House Republican leaders have decided to fast track what they may think is a simple reauthorization of the Voting Rights Act, H.R. 9. In their haste, they may well be writing an obituary for fair elections.
Let’s look to the Left to see the danger. Liberal interest groups almost unanimously support the current legislation. They’ve read the bill, especially the ominous language of section 5 “criteria for declaratory judgment”:
Any voting qualification or prerequisite to voting, or standard, practice, or procedure with respect to voting that has the purpose of or will have the effect of diminishing the ability of any citizens of the United States on account of race or color, or in contravention of the guarantees set forth in section 4(f)(2), to elect their preferred candidates of choice denies or abridges the right to vote within the meaning of subsection (a) of this section.
What do groups who have endorsed H.R. 9 believe to be obstacles to the right to vote? Common Cause has a list:
I.D. Requirements: “Once registered, voters need not bring identification with them to vote. Identification can consist of a broad range of documents so as not to discriminate against those without driver’s license or other official ID.”
Bans of Felon Voting: “The right to vote should be automatically restored to people who have been convicted of a felony and have served their time in prison.”
Purging of Voter-Registration Lists: “Voter databases must be accurate and complete. A voter cannot be purged from the list unless there is direct communication from the voter, the registrar of another state, or from the courts (in the case of a voter who has committed a felony).”
Should H.R. 9 be signed into law, there will be a flood of lawsuits challenging every effort, including those opposed by Common Cause, to reduce the possibility of voter fraud as long as someone, somewhere can suggest a “disparate impact” upon a protected minority group.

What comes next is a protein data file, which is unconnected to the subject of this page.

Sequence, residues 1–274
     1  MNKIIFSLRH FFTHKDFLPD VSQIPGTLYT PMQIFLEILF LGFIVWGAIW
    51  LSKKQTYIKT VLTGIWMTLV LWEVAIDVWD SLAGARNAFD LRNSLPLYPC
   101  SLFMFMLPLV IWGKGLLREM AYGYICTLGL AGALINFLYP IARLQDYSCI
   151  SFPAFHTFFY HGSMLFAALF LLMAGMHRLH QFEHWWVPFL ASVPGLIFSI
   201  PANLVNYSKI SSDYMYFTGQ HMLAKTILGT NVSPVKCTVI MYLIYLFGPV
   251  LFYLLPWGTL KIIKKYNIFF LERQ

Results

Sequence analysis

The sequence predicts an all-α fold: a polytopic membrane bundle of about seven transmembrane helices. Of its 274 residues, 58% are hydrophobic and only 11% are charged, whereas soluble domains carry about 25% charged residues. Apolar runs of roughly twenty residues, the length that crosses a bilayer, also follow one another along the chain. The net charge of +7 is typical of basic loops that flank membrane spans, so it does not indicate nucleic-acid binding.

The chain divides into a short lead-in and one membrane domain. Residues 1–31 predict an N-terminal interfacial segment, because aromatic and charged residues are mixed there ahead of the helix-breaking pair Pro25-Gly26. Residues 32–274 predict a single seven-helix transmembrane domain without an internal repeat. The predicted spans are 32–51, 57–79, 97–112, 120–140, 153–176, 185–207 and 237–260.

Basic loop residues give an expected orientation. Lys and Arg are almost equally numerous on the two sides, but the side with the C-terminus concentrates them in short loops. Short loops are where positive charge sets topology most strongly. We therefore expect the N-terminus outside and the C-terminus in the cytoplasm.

Those protected minorities would now include all Limited English Proficient (LEP) voters everywhere in the United States.
Section 5 of H.R. 9 specifically cites the “guarantees set forth in section 4(f)(2)” of the Voting Rights Act for a reason. Section 4(f)(2) states:
No voting qualification or prerequisite to voting, or standard, practice, or procedure shall be imposed or applied by any State or political subdivision to deny or abridge the right of any citizen of the United States to vote because he is a member of a language minority group.
Those states and localities which have managed to avoid the cost of mandatory multilingual voting should be aware that the other side considers requiring people to vote in English to impose a disparate impact upon (LEP) voters.
To add insult to injury for state and local taxpayers, Section 8 of H.R. 9 replaces “census data” with “American Community Survey data in 5-year increments.” In other words, the discredited idea of “census sampling” would be imposed on the American voting system.
The American Community Survey is a sample, by its own admission:
The sample for the ACS uses a two-stage stratified annual sample of approximately 838,000 housing units designed to measure socioeconomic and demographic characteristics of housing units and their occupants.
The ACS determines an entire household Limited English Proficient if it contains just one speaker of any foreign language in the entire household (American Community Survey 2004 Subject Definitions, page 62). Last names matter to the ACS too: “Spanish and non-Spanish surnames are also used to assist in assigning an origin” (page 41). ACS believes, mistakenly, that every “Lopez” struggles with English.
An LEP individual, such as an illegal-alien farm worker, need reside in a community during just February and March in order to trigger bilingual ballot requirements for years, even if that LEP individual is long gone.
According to the “Advanced Methodology” section on the “Two Month” rule and the ACS:
This rule states that if a person is staying in a sample unit at the time of survey contact, and is staying there for more than two months, he or she is a current resident of that unit whether or not the unit is also the person’s usual residence under census rules. … If a person has no place where he or she usually stays the person is to be considered a current resident of the sample unit regardless of the length of the current stay.
In short, the Voting Rights Act could now also be known as “The Endless Election Litigation Act,” “The Vote Fraud Enabling Act,” and “The Mandatory Multilingual Elections Everywhere Act.”
House Republicans were denied a chance to amend this dreadful bill before the July 4th recess. Now it is back on the House agenda. And Senate Judiciary Committee Chairman Arlen Specter (R., Pa.) can be relied on to push it through the Senate before August recess if the House passes it.
Without amendment, that would be doing rights wrong.
– Jim Boulet Jr. is executive director of English First.